Her name was Callie (identifying information changed). She was four years old. She loved glitter and princesses and anything sparkly. She was affectionate and silly, and I fell hard for her. She was a patient, my patient, on the pediatric oncology unit during my very first ward rotation intern year.
On my first day, I was as scared as any person can be, palms sweating, heart pounding, faced with these tiny, gravely ill little human beings. On this particular day, a new patient was coming into the hospital to begin treatment: a four-year-old little girl with a new diagnosis of stage 4 neuroblastoma. Callie.
Callie’s body was being ravaged by neuroblastoma, but inside where it counts, she was still trying to be a little girl. On her good days, we would color together at her bedside, and she would cover my hands and face with stickers. On her bad days, her mother would page me to her room so I could sit with her and rub her head through debilitating nausea and pain.
Over the next two years, whenever Callie was admitted to the hospital, the oncology team would let me know so I could sit with her as much as possible. Her hair fell out. She lost weight. She made me a sparkly princess crown. She mailed letters and coloring book pages to my home. She learned to read. She had a birthday, and then another one. In a way, we were growing up together, as I progressed through training and she through cancer treatment.
The day she died, I was working at a neighboring hospital. My pager went off, and when I dialed the number, a friend doing her rotation in the pediatric ICU simply said, “Quinn, it’s Callie.” I looked at my attending, and she said, “Just go.” I ran as fast as I could, for once not caring if I was drawing attention to myself as I begged my exhausted legs to go faster.
There is a hush in the air in an ICU when someone has just died. I remember how utterly quiet the unit was when I arrived, sweating and panting, sure that everyone could hear my heart pounding. I was too late.
The curtain had been pulled across the door frame, and I parted it quietly, stepping inside. Callie was in her mother’s arms while she rocked her in a rocking chair. Soon the rest of her family would come in to say goodbye but somehow, I was granted several quiet moments with my little friend. When her mother was ready, Callie’s nurse and I helped move her over to the bed and we bathed her tiny body and changed her into a clean hospital gown. We cried together. I said goodbye. I fell apart.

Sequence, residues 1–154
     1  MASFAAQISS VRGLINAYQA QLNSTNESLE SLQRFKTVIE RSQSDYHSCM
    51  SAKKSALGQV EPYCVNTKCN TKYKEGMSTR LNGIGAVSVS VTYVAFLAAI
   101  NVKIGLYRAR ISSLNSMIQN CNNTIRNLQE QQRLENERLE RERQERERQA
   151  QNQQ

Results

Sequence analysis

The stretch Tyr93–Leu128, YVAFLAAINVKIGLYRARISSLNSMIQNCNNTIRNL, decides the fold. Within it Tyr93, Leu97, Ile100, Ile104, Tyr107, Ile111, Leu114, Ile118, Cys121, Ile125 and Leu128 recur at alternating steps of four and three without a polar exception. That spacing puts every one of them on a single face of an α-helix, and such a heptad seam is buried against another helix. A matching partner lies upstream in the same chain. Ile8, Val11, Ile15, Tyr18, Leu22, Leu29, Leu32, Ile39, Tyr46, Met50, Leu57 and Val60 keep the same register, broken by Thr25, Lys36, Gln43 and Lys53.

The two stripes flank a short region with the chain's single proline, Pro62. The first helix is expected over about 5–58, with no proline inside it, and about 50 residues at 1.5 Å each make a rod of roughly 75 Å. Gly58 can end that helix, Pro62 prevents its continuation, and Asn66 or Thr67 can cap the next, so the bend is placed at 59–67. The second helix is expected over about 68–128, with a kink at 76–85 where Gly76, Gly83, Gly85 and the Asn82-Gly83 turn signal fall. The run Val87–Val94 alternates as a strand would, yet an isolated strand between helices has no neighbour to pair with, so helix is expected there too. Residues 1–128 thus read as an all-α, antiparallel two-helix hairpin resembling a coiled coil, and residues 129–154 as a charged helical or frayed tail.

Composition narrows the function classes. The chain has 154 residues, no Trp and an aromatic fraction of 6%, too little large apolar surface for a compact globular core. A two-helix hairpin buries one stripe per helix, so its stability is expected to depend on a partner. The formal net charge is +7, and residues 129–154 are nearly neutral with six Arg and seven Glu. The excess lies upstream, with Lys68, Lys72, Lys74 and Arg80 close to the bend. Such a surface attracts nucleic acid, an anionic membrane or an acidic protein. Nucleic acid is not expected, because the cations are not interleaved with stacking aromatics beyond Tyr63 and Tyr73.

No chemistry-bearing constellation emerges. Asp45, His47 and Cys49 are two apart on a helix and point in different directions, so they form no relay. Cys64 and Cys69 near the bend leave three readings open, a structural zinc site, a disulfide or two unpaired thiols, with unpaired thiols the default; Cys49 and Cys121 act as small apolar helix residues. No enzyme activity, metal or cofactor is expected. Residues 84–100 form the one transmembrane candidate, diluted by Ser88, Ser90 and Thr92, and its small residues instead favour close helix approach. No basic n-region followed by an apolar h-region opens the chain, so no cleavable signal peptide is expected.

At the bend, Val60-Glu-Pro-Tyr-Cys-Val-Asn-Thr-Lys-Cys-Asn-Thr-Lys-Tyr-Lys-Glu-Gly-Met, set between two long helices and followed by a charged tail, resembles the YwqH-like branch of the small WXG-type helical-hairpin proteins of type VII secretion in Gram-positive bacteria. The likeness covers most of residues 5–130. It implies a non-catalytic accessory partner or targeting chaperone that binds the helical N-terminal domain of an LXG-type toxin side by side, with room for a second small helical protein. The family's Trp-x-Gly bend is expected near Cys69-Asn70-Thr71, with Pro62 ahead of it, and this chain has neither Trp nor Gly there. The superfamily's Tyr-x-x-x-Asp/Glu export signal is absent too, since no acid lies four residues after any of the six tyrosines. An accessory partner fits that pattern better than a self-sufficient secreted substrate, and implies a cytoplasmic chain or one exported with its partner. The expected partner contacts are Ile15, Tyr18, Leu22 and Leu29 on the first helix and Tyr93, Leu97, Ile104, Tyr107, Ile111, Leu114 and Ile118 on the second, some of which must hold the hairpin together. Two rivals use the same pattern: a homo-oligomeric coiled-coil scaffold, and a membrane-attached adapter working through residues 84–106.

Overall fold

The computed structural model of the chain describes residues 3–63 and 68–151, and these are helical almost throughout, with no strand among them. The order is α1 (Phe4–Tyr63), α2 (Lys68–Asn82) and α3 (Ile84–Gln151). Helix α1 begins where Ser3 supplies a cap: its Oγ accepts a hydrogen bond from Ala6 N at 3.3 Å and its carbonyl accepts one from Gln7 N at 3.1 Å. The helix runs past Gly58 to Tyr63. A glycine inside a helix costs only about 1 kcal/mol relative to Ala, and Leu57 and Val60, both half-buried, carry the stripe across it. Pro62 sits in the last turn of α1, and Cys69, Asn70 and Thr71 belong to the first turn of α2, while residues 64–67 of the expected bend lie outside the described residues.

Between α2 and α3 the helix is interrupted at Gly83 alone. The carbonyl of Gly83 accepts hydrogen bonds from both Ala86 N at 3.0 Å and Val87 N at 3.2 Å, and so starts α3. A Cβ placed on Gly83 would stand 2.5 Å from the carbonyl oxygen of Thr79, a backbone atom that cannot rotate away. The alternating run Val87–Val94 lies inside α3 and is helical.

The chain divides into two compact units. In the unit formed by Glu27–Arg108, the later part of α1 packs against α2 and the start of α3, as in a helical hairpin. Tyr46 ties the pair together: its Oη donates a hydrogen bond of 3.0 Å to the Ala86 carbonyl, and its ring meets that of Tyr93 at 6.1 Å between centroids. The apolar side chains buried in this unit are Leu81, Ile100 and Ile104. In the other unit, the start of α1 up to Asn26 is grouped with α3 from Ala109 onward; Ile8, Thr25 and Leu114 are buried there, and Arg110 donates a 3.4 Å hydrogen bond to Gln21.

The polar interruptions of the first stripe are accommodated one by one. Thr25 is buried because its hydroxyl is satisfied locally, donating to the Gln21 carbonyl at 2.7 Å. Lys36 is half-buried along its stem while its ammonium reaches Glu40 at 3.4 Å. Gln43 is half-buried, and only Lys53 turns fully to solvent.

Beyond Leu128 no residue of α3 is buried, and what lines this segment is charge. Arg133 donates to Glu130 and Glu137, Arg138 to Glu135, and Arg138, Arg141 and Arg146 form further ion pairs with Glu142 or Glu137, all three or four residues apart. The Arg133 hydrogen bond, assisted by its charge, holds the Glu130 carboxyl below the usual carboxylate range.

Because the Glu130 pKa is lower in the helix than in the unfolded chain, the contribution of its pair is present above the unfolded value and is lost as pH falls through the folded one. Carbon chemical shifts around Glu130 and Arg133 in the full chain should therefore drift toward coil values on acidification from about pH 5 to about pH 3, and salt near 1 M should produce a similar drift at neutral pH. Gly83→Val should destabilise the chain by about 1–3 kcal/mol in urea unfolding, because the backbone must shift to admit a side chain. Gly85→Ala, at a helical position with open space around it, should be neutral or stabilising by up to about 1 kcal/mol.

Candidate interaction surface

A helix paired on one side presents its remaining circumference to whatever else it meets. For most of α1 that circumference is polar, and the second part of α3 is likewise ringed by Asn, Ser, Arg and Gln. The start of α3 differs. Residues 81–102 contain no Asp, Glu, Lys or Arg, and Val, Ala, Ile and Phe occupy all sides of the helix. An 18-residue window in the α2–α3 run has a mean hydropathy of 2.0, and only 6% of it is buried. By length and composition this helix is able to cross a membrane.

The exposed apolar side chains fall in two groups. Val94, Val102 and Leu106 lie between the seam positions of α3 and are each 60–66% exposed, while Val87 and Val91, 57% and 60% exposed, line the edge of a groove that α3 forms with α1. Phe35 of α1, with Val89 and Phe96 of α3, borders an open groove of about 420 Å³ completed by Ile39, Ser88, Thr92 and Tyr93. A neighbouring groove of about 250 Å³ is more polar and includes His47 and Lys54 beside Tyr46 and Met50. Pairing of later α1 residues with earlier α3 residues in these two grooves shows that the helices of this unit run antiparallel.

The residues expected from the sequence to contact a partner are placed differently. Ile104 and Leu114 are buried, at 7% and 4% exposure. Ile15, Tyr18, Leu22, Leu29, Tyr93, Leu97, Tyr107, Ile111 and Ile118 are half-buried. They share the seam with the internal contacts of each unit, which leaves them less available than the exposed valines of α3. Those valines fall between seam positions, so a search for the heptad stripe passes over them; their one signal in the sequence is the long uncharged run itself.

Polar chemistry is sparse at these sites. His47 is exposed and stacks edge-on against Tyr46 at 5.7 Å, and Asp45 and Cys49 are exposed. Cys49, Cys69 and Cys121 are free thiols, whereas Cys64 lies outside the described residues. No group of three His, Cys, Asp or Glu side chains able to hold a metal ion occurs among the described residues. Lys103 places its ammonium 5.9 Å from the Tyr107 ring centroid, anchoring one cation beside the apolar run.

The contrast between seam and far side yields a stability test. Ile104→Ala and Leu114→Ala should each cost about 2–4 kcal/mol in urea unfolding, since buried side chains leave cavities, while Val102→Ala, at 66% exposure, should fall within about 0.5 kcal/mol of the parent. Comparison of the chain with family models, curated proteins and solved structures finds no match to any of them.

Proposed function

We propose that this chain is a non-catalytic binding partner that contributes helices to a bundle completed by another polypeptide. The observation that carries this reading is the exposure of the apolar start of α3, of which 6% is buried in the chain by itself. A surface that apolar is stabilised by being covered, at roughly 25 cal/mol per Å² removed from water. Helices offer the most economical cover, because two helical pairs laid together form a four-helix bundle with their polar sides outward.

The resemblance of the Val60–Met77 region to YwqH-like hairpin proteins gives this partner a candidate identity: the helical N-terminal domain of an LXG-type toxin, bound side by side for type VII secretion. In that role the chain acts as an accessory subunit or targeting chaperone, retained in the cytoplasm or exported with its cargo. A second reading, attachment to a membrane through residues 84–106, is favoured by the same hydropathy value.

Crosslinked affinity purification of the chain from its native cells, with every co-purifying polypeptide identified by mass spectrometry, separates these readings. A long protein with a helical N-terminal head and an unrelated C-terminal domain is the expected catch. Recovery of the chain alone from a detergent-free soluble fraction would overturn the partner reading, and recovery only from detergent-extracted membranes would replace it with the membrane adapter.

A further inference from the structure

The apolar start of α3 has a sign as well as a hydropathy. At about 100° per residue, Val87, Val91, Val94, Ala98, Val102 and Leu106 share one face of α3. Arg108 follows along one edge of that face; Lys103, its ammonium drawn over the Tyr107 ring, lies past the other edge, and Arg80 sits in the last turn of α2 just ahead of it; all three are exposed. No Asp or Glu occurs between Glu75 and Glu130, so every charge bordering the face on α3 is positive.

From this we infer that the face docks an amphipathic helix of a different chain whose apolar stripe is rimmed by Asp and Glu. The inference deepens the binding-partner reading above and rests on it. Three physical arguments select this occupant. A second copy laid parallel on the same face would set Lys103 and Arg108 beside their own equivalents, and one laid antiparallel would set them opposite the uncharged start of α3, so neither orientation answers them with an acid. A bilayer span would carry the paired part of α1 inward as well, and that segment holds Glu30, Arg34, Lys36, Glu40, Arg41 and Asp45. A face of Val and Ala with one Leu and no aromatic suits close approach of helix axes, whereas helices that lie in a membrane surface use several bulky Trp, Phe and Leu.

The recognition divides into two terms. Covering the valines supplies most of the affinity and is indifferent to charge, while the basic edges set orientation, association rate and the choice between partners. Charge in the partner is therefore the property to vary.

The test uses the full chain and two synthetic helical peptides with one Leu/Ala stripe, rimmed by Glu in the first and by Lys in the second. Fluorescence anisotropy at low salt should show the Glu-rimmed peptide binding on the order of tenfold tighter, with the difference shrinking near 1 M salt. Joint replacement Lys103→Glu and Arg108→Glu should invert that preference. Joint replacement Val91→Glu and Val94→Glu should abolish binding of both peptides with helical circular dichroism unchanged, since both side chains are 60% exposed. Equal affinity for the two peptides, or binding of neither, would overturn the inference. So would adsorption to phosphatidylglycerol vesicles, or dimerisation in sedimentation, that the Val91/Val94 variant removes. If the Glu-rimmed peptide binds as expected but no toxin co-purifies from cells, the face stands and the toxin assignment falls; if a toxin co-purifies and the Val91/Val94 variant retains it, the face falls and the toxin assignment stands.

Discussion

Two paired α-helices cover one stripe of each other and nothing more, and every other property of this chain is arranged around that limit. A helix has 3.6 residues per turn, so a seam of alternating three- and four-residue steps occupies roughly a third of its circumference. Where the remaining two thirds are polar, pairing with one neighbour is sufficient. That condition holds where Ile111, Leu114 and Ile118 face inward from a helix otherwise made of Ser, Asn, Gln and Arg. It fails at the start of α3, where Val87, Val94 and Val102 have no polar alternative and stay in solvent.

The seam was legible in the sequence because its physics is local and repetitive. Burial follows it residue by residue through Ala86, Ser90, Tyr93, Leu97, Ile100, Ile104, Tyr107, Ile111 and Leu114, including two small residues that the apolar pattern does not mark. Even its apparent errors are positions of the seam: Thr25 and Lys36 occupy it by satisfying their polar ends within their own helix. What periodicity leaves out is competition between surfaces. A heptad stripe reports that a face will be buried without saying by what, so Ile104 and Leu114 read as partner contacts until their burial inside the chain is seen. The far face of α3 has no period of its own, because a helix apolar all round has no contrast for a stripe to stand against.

The next day, I stayed home from work. I reconsidered my career choice. I cried all day. I worried my husband. I worried myself. But the day after that, I put back on my white coat, picked up my stethoscope, and went back to work. I had a job to do, and there were more Callies out there, after all.
Callie is still with me, many years later. I kept the princess crown she made for me and the pictures we took together sitting on her hospital bed. She would be 18 years old now, off to college. My youngest child is now the age she was when she was diagnosed; soon all three of my children will have outlived her. I cannot look at my children without counting my blessings, without thinking of another mother out there who had to say goodbye. I cannot look at my patients without thinking of the little girl who loved me, never wanting me to miss out on her good days and never blaming me for her bad days, even though when we first met I was the one who ordered the very medications that made her feel awful.
Parents who have lost children: I want you to know something. We don’t forget your children. We mourn with you. We question every decision. We relive every moment. We think of you on holidays and special occasions. We fight against the easier path, which is to feel numb so we don’t have to feel the gut-wrenching pain of losing patients. Because ultimately, we want to feel with you. Medicine is a sacred art, and we choose to put our hearts in the game. Your children walk beside us every day as we practice medicine, making us better at our jobs, helping us to connect more deeply. We carry your children as we carry on.
Quinn Bensi is a pediatrician who blogs at Opening Up with Quinn Bensi.
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